Subjects: Bill Shorten's opposition to the Government's strong and effective border protection policy.
I’m very pleased to be here with Michael Keenan. I want to say thank you very much to the staff that have showed us through the National Monitoring Centre here. It is incredibly important work in keeping our borders safe and keeping our ports safe and on a daily basis the officers here are working in with the AFP, and with other authorities around the country and with their ABF contacts in a way that Australians won’t see each day, but they should be reassured in the knowledge that this work is being done in an effort to detect crime and to keep Australians safe.
I want to say thank you very much to Commander James Watson who is the Regional Commander here in Victoria and Tasmania and also to the AFP representative here John Beveridge and Mr Keenan can talk more about the work of the AFP shortly.
I wanted to say a couple of words this morning about Mr Shorten and the Labor Party’s approach to what we have got on the table in the Parliament at the moment. The legislation that was introduced and passed in the Lower House is absolutely crucial in our continuing message to people smugglers.
Don't forget – and no Australian should believe that people smugglers have not gone away, this problem is with us and will be with us for a long period of time to come –Mr Shorten is out there trying to throw around these red herrings that somehow this is going to be a problem in 30 or 40 years when people want to come to Australia and apply for a tourist visa.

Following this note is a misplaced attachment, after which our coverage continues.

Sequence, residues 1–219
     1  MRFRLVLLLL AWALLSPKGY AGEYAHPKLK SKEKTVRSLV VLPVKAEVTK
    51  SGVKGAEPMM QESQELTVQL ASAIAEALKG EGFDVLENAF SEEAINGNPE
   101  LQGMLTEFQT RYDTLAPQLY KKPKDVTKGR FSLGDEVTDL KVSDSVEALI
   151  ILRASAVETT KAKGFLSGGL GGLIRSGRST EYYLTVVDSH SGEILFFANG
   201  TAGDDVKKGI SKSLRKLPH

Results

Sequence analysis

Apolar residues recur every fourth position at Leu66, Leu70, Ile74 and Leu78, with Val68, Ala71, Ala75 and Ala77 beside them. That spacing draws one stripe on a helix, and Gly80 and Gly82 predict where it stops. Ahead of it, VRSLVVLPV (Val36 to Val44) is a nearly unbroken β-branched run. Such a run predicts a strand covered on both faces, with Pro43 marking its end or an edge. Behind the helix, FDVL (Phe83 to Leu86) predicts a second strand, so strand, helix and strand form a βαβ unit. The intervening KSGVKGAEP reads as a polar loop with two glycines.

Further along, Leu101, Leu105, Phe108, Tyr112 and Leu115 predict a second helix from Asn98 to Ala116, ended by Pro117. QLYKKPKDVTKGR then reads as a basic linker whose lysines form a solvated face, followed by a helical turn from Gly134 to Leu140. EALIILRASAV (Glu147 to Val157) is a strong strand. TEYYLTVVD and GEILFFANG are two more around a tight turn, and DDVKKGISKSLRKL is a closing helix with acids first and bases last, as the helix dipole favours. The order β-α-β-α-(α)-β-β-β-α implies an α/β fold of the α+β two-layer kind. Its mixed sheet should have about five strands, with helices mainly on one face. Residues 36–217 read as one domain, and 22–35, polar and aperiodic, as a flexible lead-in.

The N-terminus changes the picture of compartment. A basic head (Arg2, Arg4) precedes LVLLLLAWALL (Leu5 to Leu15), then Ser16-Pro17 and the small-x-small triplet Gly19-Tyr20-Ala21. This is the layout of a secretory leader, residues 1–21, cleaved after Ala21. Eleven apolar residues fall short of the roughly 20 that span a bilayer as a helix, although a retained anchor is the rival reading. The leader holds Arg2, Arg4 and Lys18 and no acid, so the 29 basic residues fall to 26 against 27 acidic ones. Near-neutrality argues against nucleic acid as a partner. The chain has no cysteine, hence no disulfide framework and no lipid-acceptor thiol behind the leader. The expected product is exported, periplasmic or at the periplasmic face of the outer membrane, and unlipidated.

The reality is that this Government is dealing with the threat to our country over the next three or four days, over the next three or four weeks, over the next three or four months.
This problem of people smugglers is with us, it is tangible. We know that we have 14,000 people in Indonesia waiting to get on to boats now and we need to have this legislation in place so that we can stare down threat from the people smugglers.
Mr Shorten is out there now today talking about 457 visas. This is another distraction. It's another distraction away from the fact that the Labor Party remains bitterly divided over border protection policy.
This Government has struck a deal with the United States to get people off Manus and Nauru. Labor put these people on Manus and Nauru. We are getting them off. We are doing it in a way that means that we can stare down the threat of new boat arrivals, but if we have divided messages coming from Australian political leaders, the people smugglers will trade on those messages.
Mr Shorten is out there trying to create distractions at the moment, but he needs to answer the core question. He talks a big game, he says that he is on a unity ticket with the Government and then votes against us. He says that he's for shaving off the numbers of 457 visa applicants, but when he was a Minister in a Labor Government, the number of 457 visas increased. So don't believe what Mr Shorten says, look at what he does.